November 1993

Aner Zeljkovic

‘I was in the third grade of Fatima Gunic elementary school got up at eight o’clock and went to school. The school started at nine and we were there for an hour. The cleaning woman came to clean up the classroom and said: ‘Why don’t you go home and sleep a bit and then come back here.’ We didn’t listen to her and we stayed. She said: ‘Go because there may be shooting.’ We said we didn’t want to and she cleaned up and returned to school. We got in and that teacher, Fatima Gunic, came. When she got there, when we entered the last, fourth class was in progress. There were two classes, two subjects joined together. And when we were there she was grading our art class, and we sang songs. Our music class. And then we heard the children were in front of the door. That’s where they were. And then, suddenly we heard a loud explosion and I don’t remember anything else. I fell down and I don’t remember. When I got up, I went, I mean, some man took me to hospital and when I, with me was my pal Tarik, and he said, ‘Look Aner there is Adis, dead’, I looked and he was down there, lying next to our teacher. Then they went, took us upstairs, took us upstairs in the hospital. Up there they bandaged us and Tarik and I were again together in the hospital.’



• The French UN battalion helps residents of Alipasino polje with repairs, house painting, expelling water from their basements, and bringing materials for the supply of gas.
• Death of the great Italian director Federico Fellini.

• ARBiH in conflict with the troops of Fikret Abdic in the area of Velika Kladusa.
• For weeks the city is without electricity, water, gas and humanitarian aid. The situation is worsened by the BiH delegation’s refusal to sign the peace agreement.
• The First Corps of the ARBiH issues a decision to abolish the HVO General Headquarters in Sarajevo, integrating the HVO brigade “Kralj Tvrtko” into the ARBiH 1st Corps. George Soros visits Sarajevo.

• George Soros visits Sarajevo.
• The HVO destroys the old bridge in Mostar.
• Massacre of students in Sarajevo. Classes are suspended until security measures are introduced
• UNPROFOR discontinues its service of accepting and sending letters on behalf of Sarajevans. In Split, 50 sacks of letters addressed to the people of Sarajevo are thrown into the sea.

• Another massacre of the citizens of Sarajevo.
• Presidency member Ejup Ganic refuses to receive Thorvald Stoltenberg.
• On the occasion of the massacre, American President Bill Clinton states: “The only thing we can do, if Sarajevo is shelled heavily is to receive approval by the UN for NATO and the U.S. to use airstrikes.”
• Rules introduced for the holding of classes: school sessions last 15 minutes. From December 24th till March 1st the students will have a break. Regardless there is no heating.
• Exhibition of the Sarajevan paintings “Witnesses of Existence” at the BiH Art Gallery.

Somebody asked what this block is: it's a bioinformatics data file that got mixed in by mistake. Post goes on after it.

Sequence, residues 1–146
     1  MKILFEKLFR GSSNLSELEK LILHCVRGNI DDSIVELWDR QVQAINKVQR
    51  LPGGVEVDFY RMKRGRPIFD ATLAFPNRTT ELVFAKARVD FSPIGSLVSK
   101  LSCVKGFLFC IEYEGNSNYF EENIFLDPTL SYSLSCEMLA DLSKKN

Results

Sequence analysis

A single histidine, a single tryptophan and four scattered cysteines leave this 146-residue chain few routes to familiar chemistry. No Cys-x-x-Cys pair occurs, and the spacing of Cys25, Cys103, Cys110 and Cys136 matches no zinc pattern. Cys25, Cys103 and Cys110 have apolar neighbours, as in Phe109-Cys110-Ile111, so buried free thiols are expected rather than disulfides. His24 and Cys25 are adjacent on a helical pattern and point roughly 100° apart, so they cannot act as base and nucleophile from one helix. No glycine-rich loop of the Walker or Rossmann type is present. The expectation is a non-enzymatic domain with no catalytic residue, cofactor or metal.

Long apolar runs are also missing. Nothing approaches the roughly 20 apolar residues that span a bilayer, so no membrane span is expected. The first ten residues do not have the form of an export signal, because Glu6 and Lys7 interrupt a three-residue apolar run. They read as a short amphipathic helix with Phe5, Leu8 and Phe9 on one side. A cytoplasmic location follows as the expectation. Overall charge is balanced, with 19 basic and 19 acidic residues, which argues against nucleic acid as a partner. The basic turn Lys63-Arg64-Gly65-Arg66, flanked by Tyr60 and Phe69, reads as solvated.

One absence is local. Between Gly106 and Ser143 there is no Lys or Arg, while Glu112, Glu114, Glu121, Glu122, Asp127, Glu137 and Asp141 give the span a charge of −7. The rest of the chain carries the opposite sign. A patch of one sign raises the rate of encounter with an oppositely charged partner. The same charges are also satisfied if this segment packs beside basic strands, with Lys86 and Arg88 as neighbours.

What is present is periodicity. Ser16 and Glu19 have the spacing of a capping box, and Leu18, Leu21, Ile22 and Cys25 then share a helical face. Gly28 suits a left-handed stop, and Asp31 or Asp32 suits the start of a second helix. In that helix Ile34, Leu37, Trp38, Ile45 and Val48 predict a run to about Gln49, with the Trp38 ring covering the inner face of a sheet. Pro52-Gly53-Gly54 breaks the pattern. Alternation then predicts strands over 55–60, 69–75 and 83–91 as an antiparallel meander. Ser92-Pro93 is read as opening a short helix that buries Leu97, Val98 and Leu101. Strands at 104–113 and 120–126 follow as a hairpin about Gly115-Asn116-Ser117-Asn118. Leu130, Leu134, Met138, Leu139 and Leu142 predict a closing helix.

• U.S. Embassy on November 10th relocates to Vienna.
• A joint declaration signed on the free movement of humanitarian convoys.

• A convoy carrying food for Sarajevo from Macedonia is held up because of ice and snow on Vlasenica. It consists of around 20 trucks. The Children’s Embassy appeals to UNPROFOR for aid.

• Symposium held on war medicine: “Medicine during War '92-'93”.

• A package arrives in Sarajevo of 960,000 candles from the Czech Republic worth about $48,000.

• The convoy of food from Macedonia is stopped in Pale.

• In Geneva, negotiations continue.


Not working since April, 1992. In the beginning, so called staircase-schools emerged where everyone gathered during the shelling. Now the education continues in the apartments, with children from different grades. Both high schools and grammar schools became homes for refugees. Classrooms and labs became dormitories and kitchens. There is laundry hanging on every school’s window. Colleges work, exams are given, but only where danger isn’t too great. Yet, many have managed to graduate. There is a lot of time to study. Computers and all the technology from the schools and from the colleges of the University has been stolen.


In Spring 1992 the public-health service in the Old Town was shelled. In May 1992 the State Hospital was intensively shelled and it was hit by more than 200 shells during the siege. The victims were patients. The Kosevo clinic suffered the same fate. Its operating theaters and intensive care units were hit. The hospitals were usually shelled with plated shells which would pass through several rooms The patients were often evacuated and the surgeons frequently performed operations without electricity or water, using candles and five-liter canisters. Hundreds of citizens were admitted to hospitals each day.